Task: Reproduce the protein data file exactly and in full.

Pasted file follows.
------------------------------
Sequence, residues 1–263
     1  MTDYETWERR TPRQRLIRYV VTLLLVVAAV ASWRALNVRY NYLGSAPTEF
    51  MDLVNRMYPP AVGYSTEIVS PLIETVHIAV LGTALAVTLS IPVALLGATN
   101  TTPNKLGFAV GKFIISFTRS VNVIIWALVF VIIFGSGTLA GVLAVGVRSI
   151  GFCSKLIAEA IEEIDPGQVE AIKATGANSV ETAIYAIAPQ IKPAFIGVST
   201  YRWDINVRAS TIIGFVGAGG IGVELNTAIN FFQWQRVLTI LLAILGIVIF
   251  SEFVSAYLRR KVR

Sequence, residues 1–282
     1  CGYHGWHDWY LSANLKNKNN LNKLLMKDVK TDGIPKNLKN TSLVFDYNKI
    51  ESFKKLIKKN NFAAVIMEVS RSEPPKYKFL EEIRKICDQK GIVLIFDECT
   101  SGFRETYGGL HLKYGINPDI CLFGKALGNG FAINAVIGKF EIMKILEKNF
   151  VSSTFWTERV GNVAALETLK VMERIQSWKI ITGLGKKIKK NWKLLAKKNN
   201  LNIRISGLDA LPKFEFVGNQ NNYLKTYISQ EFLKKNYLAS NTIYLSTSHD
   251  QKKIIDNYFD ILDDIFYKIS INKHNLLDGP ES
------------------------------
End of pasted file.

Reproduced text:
Sequence, residues 1–263
     1  MTDYETWERR TPRQRLIRYV VTLLLVVAAV ASWRALNVRY NYLGSAPTEF
    51  MDLVNRMYPP AVGYSTEIVS PLIETVHIAV LGTALAVTLS IPVALLGATN
   101  TTPNKLGFAV GKFIISFTRS VNVIIWALVF VIIFGSGTLA GVLAVGVRSI
   151  GFCSKLIAEA IEEIDPGQVE AIKATGANSV ETAIYAIAPQ IKPAFIGVST
   201  YRWDINVRAS TIIGFVGAGG IGVELNTAIN FFQWQRVLTI LLAILGIVIF
   251  SEFVSAYLRR KVR

Sequence, residues 1–282
     1  CGYHGWHDWY LSANLKNKNN LNKLLMKDVK TDGIPKNLKN TSLVFDYNKI
    51  ESFKKLIKKN NFAAVIMEVS RSEPPKYKFL EEIRKICDQK GIVLIFDECT
   101  SGFRETYGGL HLKYGINPDI CLFGKALGNG FAINAVIGKF EIMKILEKNF
   151  VSSTFWTERV GNVAALETLK VMERIQSWKI ITGLGKKIKK NWKLLAKKNN
   201  LNIRISGLDA LPKFEFVGNQ NNYLKTYISQ EFLKKNYLAS NTIYLSTSHD
   251  QKKIIDNYFD ILDDIFYKIS INKHNLLDGP ES